This cohort study reported 2 different strategies to initiate the management of diffuse bleeding in patients undergoing coronary artery bypass grafting with decreased platelet function: the first began by administering fibrinogen concentrates according to ROTEM results (n = 9), the second administered platelet concentrates and fresh frozen plasma without intraoperative monitoring (n = 19). In the fibrinogen group, a median dose of 6 g was given and increased the fibrinogen concentration from 2.1 to 3.8 g/L at the end of surgery. Total transfusion was lower in the fibrinogen group than in the allogeneic group. Postoperative outcomes were similar in both groups. This small study is very interesting. It is, however, unfortunate that this was a non-randomized study, with the inherent possibility of introducing biases in the interpretation of the results. The choice of the fibrinogen strategy was dependent of ROTEM availability; the allogeneic group was managed at the discretion of the treating physicians without a pre-established transfusion algorithm, whereas transfusion was the primary endpoint. While this study suggests that thromboelastography-guided administration of fibrinogen concentrate may be useful to manage hemorrhage, it could also be concluded that hemostasis monitoring is needed for bleeding patients. It is time for a large randomized trial with robust endpoints evaluating the hemostatic effects of fibrinogen concentrates. The CRASH-2 study has shown that conducting such convincing studies is possible. It is the turn of fibrinogen concentrates.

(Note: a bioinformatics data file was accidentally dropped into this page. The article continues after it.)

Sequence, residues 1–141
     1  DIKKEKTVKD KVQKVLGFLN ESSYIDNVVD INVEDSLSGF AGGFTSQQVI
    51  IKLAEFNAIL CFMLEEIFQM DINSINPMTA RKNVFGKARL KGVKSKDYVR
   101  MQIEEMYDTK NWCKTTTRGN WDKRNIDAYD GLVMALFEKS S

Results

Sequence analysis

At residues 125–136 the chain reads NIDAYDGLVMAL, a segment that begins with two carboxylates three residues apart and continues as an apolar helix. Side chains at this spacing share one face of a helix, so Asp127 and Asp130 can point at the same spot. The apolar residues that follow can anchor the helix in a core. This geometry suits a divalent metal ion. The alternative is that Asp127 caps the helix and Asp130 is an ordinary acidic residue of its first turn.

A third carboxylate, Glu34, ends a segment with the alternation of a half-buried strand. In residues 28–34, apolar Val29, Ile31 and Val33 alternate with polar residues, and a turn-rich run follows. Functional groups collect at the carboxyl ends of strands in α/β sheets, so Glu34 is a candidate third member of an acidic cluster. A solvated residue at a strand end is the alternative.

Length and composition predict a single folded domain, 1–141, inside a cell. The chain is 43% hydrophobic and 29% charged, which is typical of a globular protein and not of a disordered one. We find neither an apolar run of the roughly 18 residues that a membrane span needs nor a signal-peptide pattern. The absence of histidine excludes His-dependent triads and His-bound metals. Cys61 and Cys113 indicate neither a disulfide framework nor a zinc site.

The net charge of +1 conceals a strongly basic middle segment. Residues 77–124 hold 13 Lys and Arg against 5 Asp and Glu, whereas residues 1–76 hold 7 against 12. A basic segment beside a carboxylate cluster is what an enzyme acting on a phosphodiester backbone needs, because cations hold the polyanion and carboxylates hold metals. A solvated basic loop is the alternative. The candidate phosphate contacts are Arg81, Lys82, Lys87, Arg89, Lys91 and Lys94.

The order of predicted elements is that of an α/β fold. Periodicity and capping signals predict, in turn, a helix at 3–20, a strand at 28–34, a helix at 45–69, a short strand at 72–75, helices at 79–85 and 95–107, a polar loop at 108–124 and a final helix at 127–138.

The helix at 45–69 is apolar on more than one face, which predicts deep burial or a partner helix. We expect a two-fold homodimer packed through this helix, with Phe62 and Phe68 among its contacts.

– Anne Godier